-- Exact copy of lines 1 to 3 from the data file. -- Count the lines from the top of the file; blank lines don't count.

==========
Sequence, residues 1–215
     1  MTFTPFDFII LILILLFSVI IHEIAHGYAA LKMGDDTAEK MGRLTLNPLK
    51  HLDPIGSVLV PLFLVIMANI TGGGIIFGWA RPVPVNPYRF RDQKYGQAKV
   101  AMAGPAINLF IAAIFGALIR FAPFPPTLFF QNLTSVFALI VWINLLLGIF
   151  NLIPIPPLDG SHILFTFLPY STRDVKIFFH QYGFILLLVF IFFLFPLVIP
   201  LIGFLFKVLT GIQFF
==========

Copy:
Sequence, residues 1–215
     1  MTFTPFDFII LILILLFSVI IHEIAHGYAA LKMGDDTAEK MGRLTLNPLK
    51  HLDPIGSVLV PLFLVIMANI TGGGIIFGWA RPVPVNPYRF RDQKYGQAKV